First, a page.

Effects of Ceramic Coating on Your Car’s Paint

Most car owners would say that they use ceramic coating to protect their car’s paint from debris, chemicals, harsh outdoor conditions, and more. There is a difference between protecting the car’s paint and physically repairing the car’s paint, though.

Since ceramic coating is meant to do the former, it will end up amplifying swirl marks and scratches after hardening and curing. The same property which amplifies imperfections enhances your car’s shine and paint gloss as well. This is sometimes called the magnifying effect – where the glass coating essentially accentuates the condition of a coated vehicle.

Overall, ceramic coating makes caring for your car’s paint easier. Here are several specific things that ceramic coating helps with:

Scratch-Resistant: Ceramic coating is scratch-resistant, but not scratch proof. The higher quality of a ceramic coating you use, the more resistance your car’s finish will have to scratches, while small scratches can even be buffed out entirely.

Protect from Salt Damage: Due to salt’s corrosive nature, it inevitably eats away at your car’s clear coat whenever it is left on your car’s surface, which is especially relevant in areas with cold weather.

UV Protection: One of the biggest causes of a car’s paint being damaged is contact with UV rays from the sun. UV rays emitted by the sun contain a small percentage of radiation which heats your car’s surface and eats away at your car’s clear coat, eventually damaging the surface underneath.

Resistance to Corrosion: Your car is often exposed to corrosive material in the form of chemicals, acid rain, bird dropping, bug splatters, etc. that eat away at your car’s clear coat and eventually damage your car’s paint. A nano glass coating, unlike waxes, provides a hardened layer which acts to protect against any potential corrosion.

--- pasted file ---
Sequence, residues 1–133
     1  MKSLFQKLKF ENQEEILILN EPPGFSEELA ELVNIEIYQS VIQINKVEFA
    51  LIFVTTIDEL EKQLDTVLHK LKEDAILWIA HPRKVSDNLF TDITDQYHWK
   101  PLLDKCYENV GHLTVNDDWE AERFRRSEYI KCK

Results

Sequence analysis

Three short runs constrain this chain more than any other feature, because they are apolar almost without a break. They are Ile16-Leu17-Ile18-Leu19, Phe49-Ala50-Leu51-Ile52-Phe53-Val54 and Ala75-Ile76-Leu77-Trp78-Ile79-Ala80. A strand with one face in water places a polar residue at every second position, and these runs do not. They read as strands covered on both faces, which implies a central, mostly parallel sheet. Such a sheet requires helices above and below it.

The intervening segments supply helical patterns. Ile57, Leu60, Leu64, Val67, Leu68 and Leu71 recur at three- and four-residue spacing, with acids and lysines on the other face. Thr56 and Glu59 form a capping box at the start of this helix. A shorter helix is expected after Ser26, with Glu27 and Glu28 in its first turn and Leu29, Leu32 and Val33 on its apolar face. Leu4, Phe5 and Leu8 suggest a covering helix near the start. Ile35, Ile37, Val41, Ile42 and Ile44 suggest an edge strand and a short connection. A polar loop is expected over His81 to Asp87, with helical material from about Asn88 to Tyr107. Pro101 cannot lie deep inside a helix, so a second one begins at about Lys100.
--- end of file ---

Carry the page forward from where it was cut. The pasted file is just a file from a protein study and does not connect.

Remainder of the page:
Hydrophobic Properties: It could be argued that the most popular attribute of a ceramic coat is the ability to sheet water. This is known as having hydrophobic properties. This is the flat, smooth, slippery nature of a ceramic coating repels water and makes it difficult for anything to stick to it, such as debris or dirt. Also, this makes it much easier to clean, since it is easy to wipe off anything on the surface without worrying about anything being engrained.

Ceramic Pro 9H vs other paint protection products

Car Ceramic Coating Effects on Scratches and Swirl Marks

Scratches – or thin etchings in your car’s paint surface are caused by many sources but are nearly identical in principle. It’s an etching in the paint surface – that is Swirl marks, on the other hand, are slightly more complicated. These are super fine scratches that are not visible unless looked at from a certain angle and in certain conditions, such as from under light from streetlamps or sunlight.

Swirl marks are often easier to see on flat surfaces such as trunks, hoods, or roofs. They also often appear on doors and fenders. Swirl marks are often amplified on dark vehicle’s exterior, due to the contrast.

Despite their name, swirl marks are not only circular. While they most often appear circular, they can also appear vertically, horizontally, or diagonally.

How are Swirl Marks Generated?

In most cases, swirl marks appear after washing your vehicle and drying it off with a towel that has microscopic particles of dirt and dust on it or using a used mitt at the car wash. Therefore, it is always recommended to use the two-bucket method when washing your car.